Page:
New release radar: Tucson indie records for Independence Day
Summer in a college town could be a vast, void, hollow wasteland devoid of entertainment... anywhere but here. Luckily, you're in Tucson, and sometime before monsoons hit and your favorite bands head out for their summer tours, there's a local tradition of midsummer local record releases.
But how to navigate the overwhelming array of new music from Southern Arizona bands, you ask? Never fear, gentle readers. Your friendly music columnist is on top of it!
This week, we sat down with a few of our favorite local artists, from Prince-inspired bubblegum punk indie rock to dreamy weird shoegaze gorgeousness, from rock and roll rave-ups to classic Americana. Behold, your guide to new Tucson independent music, in time for Independence Day!
Hannah Yeun: Desert Dreams
TucsonSentinel.com: Tell us about the upcoming album.
Hannah Yeun: "The Desert Dream album will be released later this summer in August, but the title track single Desert Dream is out today! We're working on mixing (the album) now and then all that's left will be mastering. It's coming together."
TS: Who are Hannah Yeun Band?
HY: "My live band is Marta Deleon, Michael Ford, and Damon Matal. They all played on this album. However, Michael no longer plays with us. Matt Rendon filled in on harmonies as well as percussion and bass for "Some Lie".
TS: Favorite tracks on the new release?
HY: "They all tell a story. "Some Lie" might be my favorite though. I wrote it in my friend's basement while I was visiting them in Portland. We had stayed up late recording tracks for his new album, and I guess I felt inspired. Matt calls this my "11th hour" track, because I presented it to him last minute when we were already mixing the album. I get to play cello on it too, which is always special."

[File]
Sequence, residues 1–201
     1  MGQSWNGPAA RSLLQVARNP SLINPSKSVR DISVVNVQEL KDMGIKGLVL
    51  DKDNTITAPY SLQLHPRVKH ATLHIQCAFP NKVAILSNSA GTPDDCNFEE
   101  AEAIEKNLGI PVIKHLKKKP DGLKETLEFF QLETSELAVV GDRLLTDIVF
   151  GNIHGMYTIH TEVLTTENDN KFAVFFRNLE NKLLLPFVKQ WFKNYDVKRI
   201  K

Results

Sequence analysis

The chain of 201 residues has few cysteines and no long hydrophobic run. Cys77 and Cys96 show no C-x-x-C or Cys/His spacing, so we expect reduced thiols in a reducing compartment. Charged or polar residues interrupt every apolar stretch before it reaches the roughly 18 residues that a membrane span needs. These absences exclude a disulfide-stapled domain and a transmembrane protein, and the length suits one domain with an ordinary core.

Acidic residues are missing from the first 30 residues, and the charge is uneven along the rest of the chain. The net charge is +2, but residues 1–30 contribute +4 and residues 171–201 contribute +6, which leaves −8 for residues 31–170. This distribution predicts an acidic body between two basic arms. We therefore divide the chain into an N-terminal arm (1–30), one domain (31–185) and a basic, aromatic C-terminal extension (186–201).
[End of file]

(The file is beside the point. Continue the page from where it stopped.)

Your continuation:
TS: What's the them of this album?
HY: "This album is about love, loss, heartbreak, all those standard song tropes. The single, "Don't Wanna Dream" is about the little lies we dream up and tell ourselves and one another, and how it only ends up causing us more pain than if we just faced reality. The "pie in the sky", etc."
TS: Where did you record this time around?
HY: "I recorded with Matt Rendon at Midtown Island and it couldn't be more perfect. Obviously I'm a fan of Matt's band The Resonars and that 60s garage sound. I'm a sucker for harmonies and Matt steps in and hits those high notes. You can't really tell, but he's actually doing most of the higher harmonies on the album. When I was a kid, my sisters and I used to sing three-part harmonies together for fun cause we're damn nerds. He would've fit in with us nicely."
TS: Studio vs. live performance? Which is your favorite way to play?
HY:"Both are work, and I think people don't even realize. Don't get me wrong, both are fun and they're what I live for, but it's actual work in every sense of the word. The physical labor of lugging your gear around is enough for some people to throw in the towel."
"These days I'm leaning more towards the studio, because the payoff is more tangible, even if it is an investment. Sometimes you can be in the studio for hours working out the kinks of just one song. It's definitely a process, but once you hear the playback, it's like making magic. Performing live is always a great thing, too. Songs are meant to be heard, and sharing them with an audience is incredibly rewarding."
TS: What's in the horizon now that this new release is live?
HY:"You know, I'm not sure. I may just turn around and record another album. I don't know how to not write songs. It's how I process emotions and it's my coping mechanism."
"I'm just lucky that they're catchy and people actually like listening to them. Ideally I would like to tour again, but sometimes the songs get written and the album gets recorded before you have a chance to gather the funds or mental energy to plan something like that again. Lately I'm a big fan of the mini tours. Tucson is such a great location for a weekend tour. You can hit Phoenix, San Diego, and LA in one fell swoop."